Parliament will therefore have the opportunity to view RFL’s full statutory accounts and, like all ALBs, RFL cannot publish its accounts until they have been laid before Parliament. The Comptroller and Auditor General, operating through the National Audit Office, will audit RFL’s accounts from financial year 2021-22. The Government do not recognise a need for bespoke arrangements under the Bill, as Parliament already has greater oversight of RFL’s operations and financial information. I assure Parliament that the Treasury has a robust governance structure in place that ensures that it has oversight of any potential risk of insolvency. For those reasons, I ask that the House does not support new clause 1.

Government amendment 1 is a minor and technical amendment that will ensure that the principle of full restitution continues to be upheld, ensuring that people can reclaim the amount they would have been owed had the transfer to the scheme not happened. It clarifies that money derived from collective scheme investments cannot be transferred into the scheme as client money.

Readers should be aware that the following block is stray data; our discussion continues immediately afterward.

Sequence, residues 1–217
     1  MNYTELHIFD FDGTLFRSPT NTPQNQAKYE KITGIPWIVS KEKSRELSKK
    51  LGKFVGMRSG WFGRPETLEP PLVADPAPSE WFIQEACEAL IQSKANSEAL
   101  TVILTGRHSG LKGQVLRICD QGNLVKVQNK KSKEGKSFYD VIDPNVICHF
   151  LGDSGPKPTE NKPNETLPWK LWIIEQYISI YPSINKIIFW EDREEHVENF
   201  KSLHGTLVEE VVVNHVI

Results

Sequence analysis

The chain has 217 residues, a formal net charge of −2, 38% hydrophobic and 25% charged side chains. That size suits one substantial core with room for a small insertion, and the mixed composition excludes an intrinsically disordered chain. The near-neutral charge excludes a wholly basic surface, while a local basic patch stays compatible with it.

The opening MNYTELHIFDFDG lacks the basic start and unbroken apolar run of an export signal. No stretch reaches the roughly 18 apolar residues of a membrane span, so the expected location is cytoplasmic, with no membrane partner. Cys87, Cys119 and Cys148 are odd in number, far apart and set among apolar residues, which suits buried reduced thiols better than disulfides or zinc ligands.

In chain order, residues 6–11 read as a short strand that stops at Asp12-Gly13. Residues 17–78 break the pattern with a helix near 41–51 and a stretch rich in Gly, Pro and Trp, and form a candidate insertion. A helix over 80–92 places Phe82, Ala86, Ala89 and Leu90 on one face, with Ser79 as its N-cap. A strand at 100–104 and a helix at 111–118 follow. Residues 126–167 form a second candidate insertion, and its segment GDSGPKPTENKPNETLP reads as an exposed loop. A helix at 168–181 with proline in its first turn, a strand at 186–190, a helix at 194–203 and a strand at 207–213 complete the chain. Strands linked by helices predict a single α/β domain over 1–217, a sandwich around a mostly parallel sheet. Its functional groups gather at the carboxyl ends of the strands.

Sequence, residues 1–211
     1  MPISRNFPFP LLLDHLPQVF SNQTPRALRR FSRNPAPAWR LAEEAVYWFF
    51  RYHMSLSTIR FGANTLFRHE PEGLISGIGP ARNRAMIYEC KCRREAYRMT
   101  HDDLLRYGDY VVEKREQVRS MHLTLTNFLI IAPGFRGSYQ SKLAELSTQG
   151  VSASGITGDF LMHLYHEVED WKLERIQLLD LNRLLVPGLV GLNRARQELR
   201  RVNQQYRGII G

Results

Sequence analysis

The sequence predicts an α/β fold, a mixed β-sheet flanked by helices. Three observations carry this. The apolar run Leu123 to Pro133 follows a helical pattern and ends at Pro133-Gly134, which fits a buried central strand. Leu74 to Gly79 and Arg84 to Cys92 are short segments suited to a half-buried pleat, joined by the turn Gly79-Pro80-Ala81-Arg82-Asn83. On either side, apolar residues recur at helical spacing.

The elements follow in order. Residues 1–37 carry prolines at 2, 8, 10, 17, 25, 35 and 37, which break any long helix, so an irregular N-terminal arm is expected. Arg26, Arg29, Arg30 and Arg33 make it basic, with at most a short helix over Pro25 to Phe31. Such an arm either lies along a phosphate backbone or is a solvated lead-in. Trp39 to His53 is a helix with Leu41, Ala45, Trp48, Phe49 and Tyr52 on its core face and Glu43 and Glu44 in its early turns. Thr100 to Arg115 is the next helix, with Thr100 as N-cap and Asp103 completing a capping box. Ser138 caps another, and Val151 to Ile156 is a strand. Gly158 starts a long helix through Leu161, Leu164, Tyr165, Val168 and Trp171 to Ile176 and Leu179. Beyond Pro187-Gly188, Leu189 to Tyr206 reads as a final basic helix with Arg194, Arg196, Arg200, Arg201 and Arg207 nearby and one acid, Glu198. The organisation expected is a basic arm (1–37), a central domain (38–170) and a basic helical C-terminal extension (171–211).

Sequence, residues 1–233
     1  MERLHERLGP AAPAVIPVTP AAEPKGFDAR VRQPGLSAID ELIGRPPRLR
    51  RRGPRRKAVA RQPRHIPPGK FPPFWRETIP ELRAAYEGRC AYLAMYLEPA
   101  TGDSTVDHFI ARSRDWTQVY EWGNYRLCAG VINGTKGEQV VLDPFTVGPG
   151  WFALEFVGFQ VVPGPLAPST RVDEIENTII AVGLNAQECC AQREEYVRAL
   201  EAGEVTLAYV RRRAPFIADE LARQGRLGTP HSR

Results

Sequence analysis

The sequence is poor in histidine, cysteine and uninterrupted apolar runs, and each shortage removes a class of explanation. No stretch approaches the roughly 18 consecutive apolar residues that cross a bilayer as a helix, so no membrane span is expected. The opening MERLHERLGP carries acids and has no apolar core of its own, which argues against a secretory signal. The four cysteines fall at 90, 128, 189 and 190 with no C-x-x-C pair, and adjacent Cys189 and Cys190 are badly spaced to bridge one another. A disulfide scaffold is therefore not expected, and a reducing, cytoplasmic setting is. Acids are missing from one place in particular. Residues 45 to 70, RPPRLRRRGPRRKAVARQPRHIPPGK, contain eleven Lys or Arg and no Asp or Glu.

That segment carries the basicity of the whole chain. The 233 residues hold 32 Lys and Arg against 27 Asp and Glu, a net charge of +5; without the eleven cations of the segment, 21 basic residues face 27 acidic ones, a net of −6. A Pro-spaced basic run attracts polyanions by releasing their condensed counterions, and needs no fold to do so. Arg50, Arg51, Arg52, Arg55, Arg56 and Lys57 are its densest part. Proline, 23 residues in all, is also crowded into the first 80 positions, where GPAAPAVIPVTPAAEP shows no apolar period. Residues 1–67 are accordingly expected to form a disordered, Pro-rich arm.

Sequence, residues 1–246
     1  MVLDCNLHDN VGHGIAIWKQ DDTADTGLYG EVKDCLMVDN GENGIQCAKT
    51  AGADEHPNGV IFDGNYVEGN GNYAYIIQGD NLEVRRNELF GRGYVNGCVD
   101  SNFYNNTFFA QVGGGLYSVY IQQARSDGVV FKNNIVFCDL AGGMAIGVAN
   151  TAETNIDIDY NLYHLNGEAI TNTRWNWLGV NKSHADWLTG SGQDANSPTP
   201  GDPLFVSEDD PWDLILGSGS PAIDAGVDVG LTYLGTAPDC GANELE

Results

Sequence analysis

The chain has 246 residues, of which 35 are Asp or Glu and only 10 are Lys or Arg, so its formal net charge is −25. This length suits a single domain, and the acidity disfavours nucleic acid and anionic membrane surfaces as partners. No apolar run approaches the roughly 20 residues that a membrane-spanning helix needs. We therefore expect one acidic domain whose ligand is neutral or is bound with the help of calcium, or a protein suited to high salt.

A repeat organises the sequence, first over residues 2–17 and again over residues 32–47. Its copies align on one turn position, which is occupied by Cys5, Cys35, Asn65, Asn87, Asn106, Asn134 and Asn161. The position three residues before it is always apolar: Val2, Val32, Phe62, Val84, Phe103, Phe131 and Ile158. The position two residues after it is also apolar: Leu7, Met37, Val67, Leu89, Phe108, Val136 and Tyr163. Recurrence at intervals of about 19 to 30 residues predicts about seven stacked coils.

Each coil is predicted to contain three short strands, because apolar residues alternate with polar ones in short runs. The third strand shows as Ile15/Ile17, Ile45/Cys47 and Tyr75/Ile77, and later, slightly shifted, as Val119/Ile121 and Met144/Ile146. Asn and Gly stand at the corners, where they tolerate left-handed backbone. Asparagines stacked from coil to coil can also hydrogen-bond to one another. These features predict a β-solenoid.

Unfortunately, this amendment will have the effect of excluding collective scheme investments held by investment platforms and ISA fund managers from the scheme at this time. Bringing them into scope would require complex technical work, and we are working with the industry to understand if and how that can be accomplished in future under the power to extend the scheme through regulations.